By Patrick Corcoran
Mexican President Felipe Calderón can point to a significant catalog of accomplishments under his watch, from a handful of key legislative reforms to his government’s praiseworthy response to the swine flu epidemic in 2009.
Far better known to most Americans, however, are his battles with organized crime and the unfortunate consequences: high-profile kidnappings, decapitated heads, disappeared reporters, the dystopian descent of Juárez. All told, some 30,000 have been killed in murders linked to organized crime since Calderón took office in December 2006.
With that unsettling backdrop, calls for a dramatic change are no surprise. But after taking the oath of office on December 1, 2012, will Calderón’s successor continue his aggressive policy, or will the next president seek to lower violence through an accommodation with the gangs, implementing what Mexican commentators refer to as “el pacto”?
Two Types of Agreement
When arguing for a pact, Mexican commentators generally advocate one of two very different sorts of “agreements”. The first is a tacit understanding between the narcotraffickers and the government of what will be and will not be tolerated. Spelled out by, among others, former foreign minister Jorge Castañeda, such an agreement would establish an informal, but stable, set of rules regarding government crime policy, to which criminal groups would then adapt their operations. This is not fundamentally different from the various mutual understandings guiding interaction between criminals and authorities in the United States.
The second option, an explicit pact, is something altogether different. It would be a formal (though unwritten) agreement between the gangs and the government: the former minimizes the violence, the latter reduces pursuit. Unlike the tacit agreement, the government wouldn’t force the explicit pact onto the gangs. Rather, it would be the product of the two groups negotiating, essentially as equals. Although unseemly, such collusion would not matter to a population that has spent the past several years living in terror.
The possibility that the Mexican government will make a deal with the nation’s criminals is clearly something that worries foreign officials. Drug Enforcement Agency (DEA) intelligence chief Anthony Placido’s testimony before the Senate in 2010 implied that Calderón’s successor would likely be open to a pact with organized crime, saying, “No one knows who will be the next [president] and if he will have the same desire to pursue criminals.” A UN spokesman also speculated in late 2009 that the gangs were escalating the violence in order to pressure the government to negotiate.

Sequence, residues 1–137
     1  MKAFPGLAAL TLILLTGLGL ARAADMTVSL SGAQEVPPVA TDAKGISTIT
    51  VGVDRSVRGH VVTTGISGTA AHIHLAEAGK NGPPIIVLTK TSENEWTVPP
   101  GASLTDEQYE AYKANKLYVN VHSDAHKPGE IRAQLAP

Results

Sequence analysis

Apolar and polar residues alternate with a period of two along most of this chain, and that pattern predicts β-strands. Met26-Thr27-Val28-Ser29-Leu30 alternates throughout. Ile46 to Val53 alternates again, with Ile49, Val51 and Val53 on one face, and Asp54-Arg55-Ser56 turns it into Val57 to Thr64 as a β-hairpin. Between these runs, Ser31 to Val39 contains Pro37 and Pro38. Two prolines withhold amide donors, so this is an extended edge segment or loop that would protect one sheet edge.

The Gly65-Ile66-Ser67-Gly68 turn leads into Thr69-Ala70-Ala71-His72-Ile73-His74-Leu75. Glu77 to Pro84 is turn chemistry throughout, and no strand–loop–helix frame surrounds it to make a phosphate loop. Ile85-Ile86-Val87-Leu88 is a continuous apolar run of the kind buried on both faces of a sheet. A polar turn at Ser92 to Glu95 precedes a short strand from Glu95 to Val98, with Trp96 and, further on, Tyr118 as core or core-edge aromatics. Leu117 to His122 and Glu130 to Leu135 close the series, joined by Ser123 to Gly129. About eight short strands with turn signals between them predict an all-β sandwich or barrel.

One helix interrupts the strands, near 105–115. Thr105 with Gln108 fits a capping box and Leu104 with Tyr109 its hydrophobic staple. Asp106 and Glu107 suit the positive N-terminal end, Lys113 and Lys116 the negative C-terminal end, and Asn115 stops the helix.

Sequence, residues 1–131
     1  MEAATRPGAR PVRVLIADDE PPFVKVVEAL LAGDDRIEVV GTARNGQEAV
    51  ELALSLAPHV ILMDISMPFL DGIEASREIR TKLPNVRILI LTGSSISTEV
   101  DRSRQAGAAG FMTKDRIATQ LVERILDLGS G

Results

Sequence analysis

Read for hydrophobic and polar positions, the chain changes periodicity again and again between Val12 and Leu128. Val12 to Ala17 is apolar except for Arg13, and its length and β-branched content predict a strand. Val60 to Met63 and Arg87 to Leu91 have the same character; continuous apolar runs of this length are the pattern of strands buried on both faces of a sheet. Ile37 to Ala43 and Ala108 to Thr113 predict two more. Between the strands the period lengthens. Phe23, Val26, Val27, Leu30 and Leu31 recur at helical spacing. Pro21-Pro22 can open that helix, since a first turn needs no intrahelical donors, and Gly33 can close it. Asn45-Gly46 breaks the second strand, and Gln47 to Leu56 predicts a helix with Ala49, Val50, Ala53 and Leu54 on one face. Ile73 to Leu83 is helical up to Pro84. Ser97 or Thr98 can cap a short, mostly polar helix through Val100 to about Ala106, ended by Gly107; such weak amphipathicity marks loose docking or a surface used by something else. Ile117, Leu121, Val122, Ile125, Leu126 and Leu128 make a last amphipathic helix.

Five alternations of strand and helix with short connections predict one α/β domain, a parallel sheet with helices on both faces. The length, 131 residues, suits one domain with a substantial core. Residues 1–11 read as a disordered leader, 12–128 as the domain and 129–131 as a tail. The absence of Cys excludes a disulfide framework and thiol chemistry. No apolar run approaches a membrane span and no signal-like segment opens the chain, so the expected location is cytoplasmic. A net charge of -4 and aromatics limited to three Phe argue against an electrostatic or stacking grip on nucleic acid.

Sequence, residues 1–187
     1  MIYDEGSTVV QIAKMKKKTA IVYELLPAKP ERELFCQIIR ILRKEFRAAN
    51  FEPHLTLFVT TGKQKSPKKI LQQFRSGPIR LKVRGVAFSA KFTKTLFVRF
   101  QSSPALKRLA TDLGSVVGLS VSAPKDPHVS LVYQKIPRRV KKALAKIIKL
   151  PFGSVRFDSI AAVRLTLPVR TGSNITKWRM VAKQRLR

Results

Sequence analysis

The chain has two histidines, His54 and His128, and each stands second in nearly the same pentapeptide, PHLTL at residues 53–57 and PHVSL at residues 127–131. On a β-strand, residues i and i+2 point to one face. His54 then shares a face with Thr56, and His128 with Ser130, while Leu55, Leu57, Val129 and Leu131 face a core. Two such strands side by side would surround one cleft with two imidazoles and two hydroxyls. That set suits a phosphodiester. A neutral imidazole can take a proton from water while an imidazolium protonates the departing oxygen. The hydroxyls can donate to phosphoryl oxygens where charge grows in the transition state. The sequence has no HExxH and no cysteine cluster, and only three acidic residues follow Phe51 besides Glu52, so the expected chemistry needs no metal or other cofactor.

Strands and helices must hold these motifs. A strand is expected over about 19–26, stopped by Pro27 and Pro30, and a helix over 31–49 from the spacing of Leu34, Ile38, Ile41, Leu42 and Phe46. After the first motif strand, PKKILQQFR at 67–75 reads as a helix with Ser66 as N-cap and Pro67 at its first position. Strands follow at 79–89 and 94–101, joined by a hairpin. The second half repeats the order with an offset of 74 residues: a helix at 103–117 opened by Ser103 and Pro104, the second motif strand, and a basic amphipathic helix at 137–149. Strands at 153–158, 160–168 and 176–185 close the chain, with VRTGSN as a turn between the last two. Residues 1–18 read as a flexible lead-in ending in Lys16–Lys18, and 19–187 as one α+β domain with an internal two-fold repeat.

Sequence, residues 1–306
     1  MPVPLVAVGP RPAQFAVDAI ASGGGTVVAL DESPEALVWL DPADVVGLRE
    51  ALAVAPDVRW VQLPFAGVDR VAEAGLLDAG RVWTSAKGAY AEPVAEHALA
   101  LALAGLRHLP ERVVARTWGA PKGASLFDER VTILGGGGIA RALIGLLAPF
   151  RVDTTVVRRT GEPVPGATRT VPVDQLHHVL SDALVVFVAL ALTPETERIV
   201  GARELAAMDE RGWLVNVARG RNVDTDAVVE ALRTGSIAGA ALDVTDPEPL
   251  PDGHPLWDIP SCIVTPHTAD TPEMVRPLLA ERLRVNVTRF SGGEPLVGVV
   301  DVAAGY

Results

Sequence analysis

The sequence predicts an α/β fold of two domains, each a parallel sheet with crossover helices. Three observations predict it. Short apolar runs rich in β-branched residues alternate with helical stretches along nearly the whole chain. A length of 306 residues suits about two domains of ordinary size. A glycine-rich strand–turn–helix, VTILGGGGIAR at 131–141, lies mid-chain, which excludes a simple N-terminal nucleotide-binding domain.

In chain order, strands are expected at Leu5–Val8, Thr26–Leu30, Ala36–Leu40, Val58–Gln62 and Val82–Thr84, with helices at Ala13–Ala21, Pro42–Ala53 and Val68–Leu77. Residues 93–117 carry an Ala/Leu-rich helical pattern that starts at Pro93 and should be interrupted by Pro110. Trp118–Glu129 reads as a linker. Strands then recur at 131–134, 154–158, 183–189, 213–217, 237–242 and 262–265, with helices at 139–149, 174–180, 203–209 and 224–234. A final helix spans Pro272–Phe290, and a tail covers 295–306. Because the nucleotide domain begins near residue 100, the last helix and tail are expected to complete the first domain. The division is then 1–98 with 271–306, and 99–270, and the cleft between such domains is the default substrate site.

Some Mexican figures are doing their part to move the nation toward a pact with the narcos. In a wiretapped conversation, Mauricio Fernández, the mayor of a wealthy Monterrey suburb, referred in some detail to pacts he had worked out with the criminal gang led by the Beltrán Leyva brothers in June 2009, during his election campaign. Manuel Garza, a powerful insider in the conservative National Action Party (PAN), also made headlines recently with his open call for a pact.
A pact between criminals and the government was said to be responsible for the relative calm in the Mexican drug trade for most of the 20th century. While Pablo Escobar was blowing up airplanes and assassinating presidential candidates in Colombia, his Mexican counterparts mostly avoided politics and posed no threat to the Mexican state.
The quintessential emblem of the era of the narco-government pact is Raul Salinas, alleged to be the liaison between his brother Carlos’s government (1988-1994) and major figures in the Mexican underworld. Shortly after Carlos left the presidency, Raul was arrested with hundreds of millions of dollars of unexplained cash in foreign bank accounts.
But despite this history and some signs of elite support, el pacto is not a foregone conclusion.
No Support for a Pact